SOUTH African deputy president, Cyril Ramaphosa, promised to restore regulatory certainty to the country following two terms under current president, Jacob Zuma, which have been marred by maladministration and corruption.
Touching on a number of issues ranging from how Zuma will step down as president of the country to achieving a balanced national budget this year, Ramaphosa told Bloomberg News on the sidelines of the World Economic Forum in Davos, Switzerland, that he would correct “… issues of regulatory uncertainty”.
“We now have a better story to tell to the ratings agencies. Some of the things that they were worried about, we are putting right now,” he told the newswire.
“We are more stable. We are correcting issues of regulatory uncertainty. We are also addressing issues of where growth of our economy will come from and we are also addressing issues of state-owned enterprise reform. It is not like last year, or a year ago, when we were all over the show. We’ve got a game plan,” he said.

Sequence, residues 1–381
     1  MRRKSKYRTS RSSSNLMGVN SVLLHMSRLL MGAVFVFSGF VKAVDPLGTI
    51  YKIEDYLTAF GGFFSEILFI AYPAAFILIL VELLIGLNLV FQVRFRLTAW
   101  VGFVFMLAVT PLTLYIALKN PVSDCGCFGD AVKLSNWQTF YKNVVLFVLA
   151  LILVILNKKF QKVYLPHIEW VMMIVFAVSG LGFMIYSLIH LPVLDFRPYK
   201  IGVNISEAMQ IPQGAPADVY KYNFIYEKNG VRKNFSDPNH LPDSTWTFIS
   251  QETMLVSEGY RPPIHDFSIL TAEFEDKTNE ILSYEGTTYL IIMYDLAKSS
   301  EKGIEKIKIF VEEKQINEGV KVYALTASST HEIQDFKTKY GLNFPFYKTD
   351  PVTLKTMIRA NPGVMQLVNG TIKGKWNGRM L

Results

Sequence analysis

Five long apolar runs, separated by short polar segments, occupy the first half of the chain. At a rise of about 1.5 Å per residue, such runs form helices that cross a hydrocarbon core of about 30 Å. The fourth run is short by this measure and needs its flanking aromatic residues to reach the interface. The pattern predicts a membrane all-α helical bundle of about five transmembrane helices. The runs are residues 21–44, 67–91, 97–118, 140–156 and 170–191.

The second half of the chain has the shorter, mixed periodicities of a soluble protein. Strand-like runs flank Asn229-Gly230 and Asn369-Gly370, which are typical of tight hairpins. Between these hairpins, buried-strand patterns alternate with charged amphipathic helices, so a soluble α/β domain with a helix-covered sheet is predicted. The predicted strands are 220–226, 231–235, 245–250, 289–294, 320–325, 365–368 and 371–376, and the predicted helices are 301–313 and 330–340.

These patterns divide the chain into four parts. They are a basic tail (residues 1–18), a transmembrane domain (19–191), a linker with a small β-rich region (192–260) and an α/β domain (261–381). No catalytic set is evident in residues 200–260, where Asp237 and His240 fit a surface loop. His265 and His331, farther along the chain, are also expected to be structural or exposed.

There are two legal issues to be played out in February that will address mining industry regulations. One is a High Court hearing between February 19 and 21 to have mines minister, Mosebenzi Zwane’s Mining Charter redraft set aside. This will be heard by a full bench of judges after it was postponed in December.
The second, also in February, is a decision on a December hearing in which the Chamber of Mines argued that previous empowerment deals that had not succeeded or where the previously disadvantaged South Africans had sold their shares, ought to be recognised in perpetuity. The opposing view of the Department of Mineral Resources is that mining companies must keep on empowering themselves in perpetuity.